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Fire engine to be removed from Horley next April
11:02am Wednesday 17th October 2012 in Local News
Fire chiefs in West Sussex have said they will remove their fire engine from Horley next April.
The long-anticipated decision came last week with West Sussex County Council backing fire service budget plans drawn up by West Sussex Fire and Rescue Service (WSFRS) to save £2.5 million.
Amongst a raft of changes in the plans, crews from Horley will be moved to merge with colleagues at Horsham Fire Station, and the town's fire engine will be removed from April 1. Surrey County Council has said Surrey firefighters will then take over.
It has said Surrey Fire and Rescue Service is working with it at the moment to draw up plans that will provide continued fire cover for the area.
It said local residents will be consulted on the plans later this year. But the Fire Brigades Union (FBU) has cautioned about possible knock-on effects for both fire services should they need to call on each other for back-up in the area.
Mick Cambers, FBU chairman for West Sussex, called the cuts “frustrating” and said: “There will be less available staff for Surrey to call on.
“Horsham is quite a few miles away, which takes time to travel.
“Another whole-time pump being further away from Surrey is not good news.”
He said: “It all depends on how Surrey are going to spread their resources around that area.
“The responsibility is being pushed on them.”
He said: “We've got the M23 and the airport in that area and we're just moving resources that could potentially help in major road traffic collisions and Gatwick incidents, so it's worrying but it's the nature of the beast at the moment with these cuts.
“Horley was ideally situated for that.”
Currently, WSFRS operates on a largely historic model that has seen little change over the years, and its area includes the Horley station in Povey Cross Road.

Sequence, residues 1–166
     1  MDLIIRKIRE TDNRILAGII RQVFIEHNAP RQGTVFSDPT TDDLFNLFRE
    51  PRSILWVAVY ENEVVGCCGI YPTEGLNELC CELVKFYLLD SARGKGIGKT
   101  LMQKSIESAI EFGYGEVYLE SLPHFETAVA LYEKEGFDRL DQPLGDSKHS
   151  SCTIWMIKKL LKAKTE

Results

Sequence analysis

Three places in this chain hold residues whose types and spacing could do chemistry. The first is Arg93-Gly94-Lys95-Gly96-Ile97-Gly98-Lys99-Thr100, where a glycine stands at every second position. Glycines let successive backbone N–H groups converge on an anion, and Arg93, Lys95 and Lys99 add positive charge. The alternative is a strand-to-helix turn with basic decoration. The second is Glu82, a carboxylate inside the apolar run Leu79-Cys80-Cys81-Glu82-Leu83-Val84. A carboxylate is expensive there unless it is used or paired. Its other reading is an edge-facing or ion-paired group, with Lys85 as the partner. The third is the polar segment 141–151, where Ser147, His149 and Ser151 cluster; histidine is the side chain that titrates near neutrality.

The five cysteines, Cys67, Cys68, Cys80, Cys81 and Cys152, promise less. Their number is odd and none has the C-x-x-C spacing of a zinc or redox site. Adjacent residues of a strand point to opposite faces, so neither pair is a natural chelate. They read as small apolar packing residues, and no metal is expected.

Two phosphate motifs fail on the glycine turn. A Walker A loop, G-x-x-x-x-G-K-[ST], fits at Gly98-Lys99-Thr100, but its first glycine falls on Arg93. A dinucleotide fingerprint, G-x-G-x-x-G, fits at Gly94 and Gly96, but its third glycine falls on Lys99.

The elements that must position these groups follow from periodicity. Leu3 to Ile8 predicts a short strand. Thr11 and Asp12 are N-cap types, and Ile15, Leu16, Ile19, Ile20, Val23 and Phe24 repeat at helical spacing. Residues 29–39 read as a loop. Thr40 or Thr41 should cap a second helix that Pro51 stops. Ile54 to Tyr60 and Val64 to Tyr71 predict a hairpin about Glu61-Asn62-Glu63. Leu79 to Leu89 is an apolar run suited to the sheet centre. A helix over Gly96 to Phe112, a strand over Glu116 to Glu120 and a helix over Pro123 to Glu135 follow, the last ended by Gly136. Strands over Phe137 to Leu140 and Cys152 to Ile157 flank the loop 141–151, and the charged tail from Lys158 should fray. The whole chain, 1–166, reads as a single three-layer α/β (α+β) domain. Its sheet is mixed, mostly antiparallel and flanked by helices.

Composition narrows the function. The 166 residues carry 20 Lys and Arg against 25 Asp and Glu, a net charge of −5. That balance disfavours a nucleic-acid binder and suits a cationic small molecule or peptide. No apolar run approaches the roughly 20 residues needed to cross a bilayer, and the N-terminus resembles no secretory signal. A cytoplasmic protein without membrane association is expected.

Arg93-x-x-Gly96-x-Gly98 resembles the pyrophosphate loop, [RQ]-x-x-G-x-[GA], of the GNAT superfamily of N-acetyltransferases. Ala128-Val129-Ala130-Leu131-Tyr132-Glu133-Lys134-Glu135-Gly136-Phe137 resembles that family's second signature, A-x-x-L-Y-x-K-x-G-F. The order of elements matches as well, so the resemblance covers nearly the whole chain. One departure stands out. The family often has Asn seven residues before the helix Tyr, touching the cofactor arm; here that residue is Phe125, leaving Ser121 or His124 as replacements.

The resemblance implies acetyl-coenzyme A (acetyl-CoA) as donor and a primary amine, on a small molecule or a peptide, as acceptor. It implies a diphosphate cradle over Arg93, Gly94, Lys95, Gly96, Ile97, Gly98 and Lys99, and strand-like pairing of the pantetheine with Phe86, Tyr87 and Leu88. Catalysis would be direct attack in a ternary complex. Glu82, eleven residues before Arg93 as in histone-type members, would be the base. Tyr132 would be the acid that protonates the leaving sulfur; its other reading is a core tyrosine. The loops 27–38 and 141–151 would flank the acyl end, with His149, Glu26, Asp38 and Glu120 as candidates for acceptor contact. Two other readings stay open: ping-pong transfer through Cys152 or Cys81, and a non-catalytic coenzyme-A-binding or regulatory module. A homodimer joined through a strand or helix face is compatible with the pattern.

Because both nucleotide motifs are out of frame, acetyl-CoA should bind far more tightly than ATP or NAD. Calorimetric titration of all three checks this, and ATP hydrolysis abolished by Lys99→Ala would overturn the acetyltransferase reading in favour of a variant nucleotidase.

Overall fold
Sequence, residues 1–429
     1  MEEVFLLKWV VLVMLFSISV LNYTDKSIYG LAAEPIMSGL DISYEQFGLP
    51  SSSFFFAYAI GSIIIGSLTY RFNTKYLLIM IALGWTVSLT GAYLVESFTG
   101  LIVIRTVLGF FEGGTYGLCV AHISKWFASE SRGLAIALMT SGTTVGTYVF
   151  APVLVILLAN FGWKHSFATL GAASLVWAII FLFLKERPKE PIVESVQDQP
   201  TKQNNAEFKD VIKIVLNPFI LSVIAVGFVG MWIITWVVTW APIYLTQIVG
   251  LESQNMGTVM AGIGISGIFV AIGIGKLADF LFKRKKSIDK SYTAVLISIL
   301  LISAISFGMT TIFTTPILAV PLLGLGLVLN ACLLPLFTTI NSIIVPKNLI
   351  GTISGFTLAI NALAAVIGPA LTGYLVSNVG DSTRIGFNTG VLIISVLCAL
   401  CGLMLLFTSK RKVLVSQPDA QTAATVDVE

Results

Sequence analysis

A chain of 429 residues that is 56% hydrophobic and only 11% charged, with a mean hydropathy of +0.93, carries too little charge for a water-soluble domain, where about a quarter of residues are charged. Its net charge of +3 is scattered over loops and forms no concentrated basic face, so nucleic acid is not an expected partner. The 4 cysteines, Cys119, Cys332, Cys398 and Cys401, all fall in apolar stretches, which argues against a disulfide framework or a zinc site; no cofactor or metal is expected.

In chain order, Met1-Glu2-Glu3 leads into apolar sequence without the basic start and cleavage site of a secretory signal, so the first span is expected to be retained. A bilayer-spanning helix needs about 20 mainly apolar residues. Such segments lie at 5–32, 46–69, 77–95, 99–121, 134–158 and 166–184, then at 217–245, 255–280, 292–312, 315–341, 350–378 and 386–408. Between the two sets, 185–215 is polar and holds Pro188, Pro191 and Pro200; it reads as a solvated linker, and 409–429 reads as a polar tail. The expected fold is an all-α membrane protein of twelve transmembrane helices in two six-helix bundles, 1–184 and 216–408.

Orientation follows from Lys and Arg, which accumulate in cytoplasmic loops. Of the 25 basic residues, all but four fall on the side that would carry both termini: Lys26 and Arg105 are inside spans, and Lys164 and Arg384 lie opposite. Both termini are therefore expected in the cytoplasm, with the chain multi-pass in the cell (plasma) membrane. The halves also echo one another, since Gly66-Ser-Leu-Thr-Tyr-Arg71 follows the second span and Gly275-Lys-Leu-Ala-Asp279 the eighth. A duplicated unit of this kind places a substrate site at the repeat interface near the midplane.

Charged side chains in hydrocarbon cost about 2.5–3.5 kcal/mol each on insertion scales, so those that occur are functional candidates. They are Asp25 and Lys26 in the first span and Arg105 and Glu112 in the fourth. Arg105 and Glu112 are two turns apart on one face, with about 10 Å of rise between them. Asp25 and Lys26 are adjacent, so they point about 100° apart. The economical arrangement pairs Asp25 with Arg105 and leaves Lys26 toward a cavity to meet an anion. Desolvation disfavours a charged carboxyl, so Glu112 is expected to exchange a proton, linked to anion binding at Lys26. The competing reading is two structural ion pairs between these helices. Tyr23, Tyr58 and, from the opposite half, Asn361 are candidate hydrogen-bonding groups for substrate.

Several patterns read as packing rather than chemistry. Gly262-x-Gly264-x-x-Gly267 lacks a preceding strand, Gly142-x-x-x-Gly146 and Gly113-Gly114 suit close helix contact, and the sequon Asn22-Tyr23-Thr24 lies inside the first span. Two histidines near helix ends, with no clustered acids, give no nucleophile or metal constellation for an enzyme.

The station is home to the service's acclaimed Technical Rescue Unit (TDU), one of an elite number of units around the UK which are called upon in cases of international disaster, such as earthquakes. Recently, a spokesman for WSFRS said Surrey has the statutory duty for providing fire cover and services in Horley.
He said Surrey currently contributed about £75,000 a year towards Horley Fire Station's running costs, while the cost to WSFRS of maintaining the station was about £1.2 million a year.
He said out of the approximately 500 calls a year to Horley Fire Station, more than half were into the Surrey area.
A statement from WSFRS outlining the changes next April said: “Horley Fire Station is located just within the West Sussex county border, although the majority of the 500 calls it received in 2011 to 2012 were into Surrey.
“Surrey County Council has statutory responsibility for providing fire and rescue services within their county border, which includes Horley town centre. “Gatwick Airport has its own Fire and Rescue Service for emergencies at the airport.”
The statement continued: “Under these proposals, the fire engine at Horley will be relocated to Horsham to improve our response in the north and central areas of West Sussex.”
But it added: “The WSFRS Technical Rescue Unit, whose team members respond to incidents in the UK or overseas - for example, the earthquake in Haiti and the tsunami in Japan - will still be based at Horley Fire Station.”
The statement concluded: “Discussions are ongoing with Surrey Fire and Rescue Service to ensure an appropriate risk-based service is maintained to people in Horley. “WSFRS will continue to support Surrey FRS in meeting their statutory responsibilities.”
Surrey County Council’s cabinet member for community safety, Kay Hammond, said: “We've been talking to the council and fire service in West Sussex about the Horley fire station decision and we're currently looking at options that will ensure continued cover in the area.”
Coun Hammond said: “Horley residents have always received an excellent service and local people can be assured this will continue under Surrey's watch.”